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Mortgage rates declining even as base rate forecast to rise further

by LLP Finance Reporter
20th Jan 23 1:43 pm

With the rising inflation and economic turbulence, UK mortgage rates changed significantly during 2022 leaving many households with concerns about rising mortgage payments.

Mortgage experts at Uswitch.com have answered frequently asked questions about the 2023 mortgage market, current interest rates and provided tips on getting the best mortgage deal if interest rates rise significantly again.

The Bank of England raised the base rate several times in 2022 in response to increasing inflation. The most recent adjustment in December raised it to 3.5%.

The Monetary Policy Committee of the Bank of England will next decide whether to raise the base rate on February 2, 2023. They’re predicted to raise the base rate to keep fighting growing inflation.

Base rate adjustments can impact the fixed-rate and other variable-rate packages that lenders provide, even though they only directly affect tracker mortgage rates.

However, since November 2022, mortgage rates, with the exception of tracker deals, have actually declined, despite base rate increases. This is because lenders significantly increased the rates on their fixed and variable mortgages as a result of the mini-budget in September and the ensuing economic unrest.

Mortgage rates (apart from tracker arrangements) have been falling over the past few months as economic conditions have stabilised. Even if the base rate increases over the next months, they are expected to keep falling.

How high will interest rates go? 

The highest base rate in recorded history was 17% in 1979. However, it is not anticipated that the rate will rise to those levels any time soon. In 2023, base rates are expected to increase to between 4 and 5%, however, this could fluctuate depending on the state of the economy.

Despite recent increases in the base rate, mortgage rates are currently falling. This is due to the fact that mortgage rates considerably increased as a result of the economic uncertainty that followed the mini-budget in September 2022. Lenders, though, started lowering rates after the economy stabilised.

Tips on getting the best mortgage deal if interest rates rise again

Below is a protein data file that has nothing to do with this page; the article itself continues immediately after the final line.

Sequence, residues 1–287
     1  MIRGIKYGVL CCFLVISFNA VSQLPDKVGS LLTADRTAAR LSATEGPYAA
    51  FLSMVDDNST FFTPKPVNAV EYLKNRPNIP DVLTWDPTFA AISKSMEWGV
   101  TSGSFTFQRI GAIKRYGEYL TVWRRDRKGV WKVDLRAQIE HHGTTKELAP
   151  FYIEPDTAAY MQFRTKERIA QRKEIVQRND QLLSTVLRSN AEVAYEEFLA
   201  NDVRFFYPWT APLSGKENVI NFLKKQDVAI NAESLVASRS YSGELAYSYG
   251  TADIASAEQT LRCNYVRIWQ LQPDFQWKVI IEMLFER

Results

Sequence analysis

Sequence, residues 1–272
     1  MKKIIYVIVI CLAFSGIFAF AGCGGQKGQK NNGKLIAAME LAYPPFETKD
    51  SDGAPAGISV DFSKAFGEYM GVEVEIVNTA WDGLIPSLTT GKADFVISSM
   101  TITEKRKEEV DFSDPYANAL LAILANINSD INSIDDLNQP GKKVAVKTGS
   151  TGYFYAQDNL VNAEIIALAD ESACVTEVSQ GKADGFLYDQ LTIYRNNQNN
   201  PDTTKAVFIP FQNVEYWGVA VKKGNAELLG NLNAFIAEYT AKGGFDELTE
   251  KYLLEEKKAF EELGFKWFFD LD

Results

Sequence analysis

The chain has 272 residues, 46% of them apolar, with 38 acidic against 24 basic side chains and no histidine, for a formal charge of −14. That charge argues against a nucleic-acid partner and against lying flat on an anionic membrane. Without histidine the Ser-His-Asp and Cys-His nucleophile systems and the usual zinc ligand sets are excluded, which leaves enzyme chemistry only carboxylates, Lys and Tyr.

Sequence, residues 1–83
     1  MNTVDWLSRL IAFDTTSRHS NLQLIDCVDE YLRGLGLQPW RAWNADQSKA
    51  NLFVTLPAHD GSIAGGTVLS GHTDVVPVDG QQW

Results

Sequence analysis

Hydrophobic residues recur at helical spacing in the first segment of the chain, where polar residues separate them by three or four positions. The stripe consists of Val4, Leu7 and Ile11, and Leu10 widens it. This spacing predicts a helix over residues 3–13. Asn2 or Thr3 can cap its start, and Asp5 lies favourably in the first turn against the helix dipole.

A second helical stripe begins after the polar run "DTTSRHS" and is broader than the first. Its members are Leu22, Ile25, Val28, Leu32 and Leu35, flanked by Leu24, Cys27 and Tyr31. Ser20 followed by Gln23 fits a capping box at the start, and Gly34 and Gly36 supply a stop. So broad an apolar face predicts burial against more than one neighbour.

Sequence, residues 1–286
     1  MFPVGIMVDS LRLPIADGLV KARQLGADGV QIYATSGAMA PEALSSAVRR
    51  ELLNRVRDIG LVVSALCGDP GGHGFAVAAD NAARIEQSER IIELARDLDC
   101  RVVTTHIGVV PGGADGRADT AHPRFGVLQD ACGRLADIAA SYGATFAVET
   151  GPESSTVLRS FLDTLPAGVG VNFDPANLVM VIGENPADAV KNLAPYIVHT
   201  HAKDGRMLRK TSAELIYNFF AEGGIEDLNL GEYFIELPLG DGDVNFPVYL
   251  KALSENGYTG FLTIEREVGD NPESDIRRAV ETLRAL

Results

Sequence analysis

Mortgage expert at Uswitch.com, Claire Flynn has outlined some key tips on getting yourself the best mortgage deal if the rates do increase again.

“If you’re concerned about your interest rate rising, then you may want to consider fixing your mortgage rate. However, if your current agreement has not yet expired, be sure to be aware of any early repayment fees (ERCs).

“If you plan to remortgage within the next six months, you could lock in a new rate now and change when your current contract expires to avoid an ERC. You can normally switch again to receive a better option if rates decline before your deal ends.

“If you’re worried that they will drop once you’ve obtained a mortgage, you could choose a fixed-rate agreement with a shorter term so that you are locked into the rate for less time or consider a variable-rate mortgage, such as a discount deal. Keep in mind, however, that your rate may increase with a variable mortgage, which means you may face higher monthly repayments.

“Additionally, while low initial rates are attractive, you should be mindful of fees. Deals with the cheapest initial rates can be more expensive than other mortgages due to the fees involved.

“Looking at the Annual Percentage Rate of Change (APRC) is a good way to compare mortgages based on both the rate and fees. A mortgage broker will also look at all the costs involved to make sure you get the best deal for you and your circumstances.”

“It’s important to note that even if the base rate increases in February, this doesn’t mean all mortgage rates will also rise. Rates for many fixed and variable mortgages have been dropping since November and are currently forecast to continue decreasing.

“In the current fast-changing market, speaking to an expert broker is one of the best ways to find the right mortgage for you.”

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